“”We live in the world our questions create” – David Copperfield
To celebrate the 10th episode of Core Ideas, we welcome a guest to help us delve Into the Weeds of the questions posed in paleolimnology. Jennifer Korosi is an assistant professor in the Department of Geography at York University (Toronto, Canada), where she uses paleolimnological methods to answer a range of research questions related to environmental change across Canada. As a relatively new faculty member building a research program, Jenny devotes a lot of her time to thinking about research questions and getting students started on thesis projects, and has great insights on how research questions are framed. Whether they are focused on establishing deviations from baseline conditions, dealing with conditions that have poor or no analogous environments to compare against, or addressing “bigger picture” perspectives.
Our discussion begins with how crafting interesting research questions is something of a learned skill, and a critical point for all scientific investigations.
Many paleolimnology projects focus on understanding or reconstructing the baseline or historical conditions of a lake or catchment, and addressing questions such as:
- When did conditions change?
- What were pre-impact conditions like?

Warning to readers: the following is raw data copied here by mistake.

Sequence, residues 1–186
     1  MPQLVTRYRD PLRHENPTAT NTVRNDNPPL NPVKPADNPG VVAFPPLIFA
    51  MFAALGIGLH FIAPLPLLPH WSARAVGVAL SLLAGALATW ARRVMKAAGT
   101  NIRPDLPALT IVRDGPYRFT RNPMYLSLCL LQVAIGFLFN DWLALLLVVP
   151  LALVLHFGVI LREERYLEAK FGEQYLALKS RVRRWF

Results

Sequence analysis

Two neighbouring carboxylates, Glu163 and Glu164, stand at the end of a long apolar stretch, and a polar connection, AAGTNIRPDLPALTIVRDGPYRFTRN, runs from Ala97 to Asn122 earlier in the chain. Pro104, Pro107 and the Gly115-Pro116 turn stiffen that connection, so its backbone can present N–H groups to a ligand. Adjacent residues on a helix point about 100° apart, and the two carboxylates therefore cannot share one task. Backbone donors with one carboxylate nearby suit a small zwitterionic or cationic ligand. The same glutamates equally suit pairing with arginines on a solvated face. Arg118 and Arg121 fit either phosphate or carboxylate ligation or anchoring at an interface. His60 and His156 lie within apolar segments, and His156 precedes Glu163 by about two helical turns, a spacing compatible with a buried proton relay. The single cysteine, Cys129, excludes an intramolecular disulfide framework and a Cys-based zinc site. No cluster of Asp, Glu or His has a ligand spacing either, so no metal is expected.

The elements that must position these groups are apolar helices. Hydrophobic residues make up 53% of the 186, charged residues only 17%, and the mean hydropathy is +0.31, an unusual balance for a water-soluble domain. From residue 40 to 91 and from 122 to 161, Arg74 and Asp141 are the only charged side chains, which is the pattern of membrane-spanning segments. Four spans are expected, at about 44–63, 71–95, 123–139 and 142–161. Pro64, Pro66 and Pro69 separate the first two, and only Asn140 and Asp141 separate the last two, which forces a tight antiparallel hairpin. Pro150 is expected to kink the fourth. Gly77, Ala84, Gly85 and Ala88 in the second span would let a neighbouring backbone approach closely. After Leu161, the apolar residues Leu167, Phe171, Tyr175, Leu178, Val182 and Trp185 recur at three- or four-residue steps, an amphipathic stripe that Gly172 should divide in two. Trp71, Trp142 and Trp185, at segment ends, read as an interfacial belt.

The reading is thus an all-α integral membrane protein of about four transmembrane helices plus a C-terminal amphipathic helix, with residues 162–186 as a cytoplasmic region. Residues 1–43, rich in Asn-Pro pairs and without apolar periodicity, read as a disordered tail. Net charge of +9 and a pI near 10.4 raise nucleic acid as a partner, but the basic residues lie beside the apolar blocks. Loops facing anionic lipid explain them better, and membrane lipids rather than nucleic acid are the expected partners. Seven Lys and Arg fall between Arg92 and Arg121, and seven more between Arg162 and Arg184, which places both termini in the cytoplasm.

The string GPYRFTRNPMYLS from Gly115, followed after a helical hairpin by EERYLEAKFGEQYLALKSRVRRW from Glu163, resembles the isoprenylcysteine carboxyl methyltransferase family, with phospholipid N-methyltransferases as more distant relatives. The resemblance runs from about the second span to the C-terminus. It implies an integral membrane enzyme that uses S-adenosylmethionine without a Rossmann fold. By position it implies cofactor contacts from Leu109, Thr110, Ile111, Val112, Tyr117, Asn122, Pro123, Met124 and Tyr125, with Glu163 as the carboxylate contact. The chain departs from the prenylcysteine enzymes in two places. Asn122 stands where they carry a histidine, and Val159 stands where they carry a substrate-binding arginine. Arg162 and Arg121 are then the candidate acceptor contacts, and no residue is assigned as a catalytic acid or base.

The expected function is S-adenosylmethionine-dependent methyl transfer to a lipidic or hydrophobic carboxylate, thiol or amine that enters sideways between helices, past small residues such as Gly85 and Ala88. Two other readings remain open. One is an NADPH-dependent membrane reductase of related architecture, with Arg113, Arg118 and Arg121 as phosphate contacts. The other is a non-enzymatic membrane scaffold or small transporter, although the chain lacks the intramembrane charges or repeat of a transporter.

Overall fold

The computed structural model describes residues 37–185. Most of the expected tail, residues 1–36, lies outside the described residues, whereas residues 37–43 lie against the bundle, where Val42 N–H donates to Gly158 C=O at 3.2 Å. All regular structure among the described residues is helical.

- Has the system exhibited any recovery?
These are critical questions that often can’t be addressed in any other way. However, in some situations, modern environments may be inherently different from anything available for comparison. Climate change effects fall into this category, where do we look for environments comparable to what we are seeing now, let alone future conditions? Jenny (and Josh’s) permafrost work is an example of where these kinds of questions may be relevant, as these lakes didn’t exist during the Holocene Thermal Maximum.
Our discussion ends with a look at integrative “Big Picture” questions, by referring to some posed in the 2016 Journal of Ecology article by Seddon et al. “Looking forward through the past: identification of 50 priority research questions in palaeoecology”. Many of these questions will require synthesizing multiple research projects worth of research, due to the large spatial scales and number of stressors involved.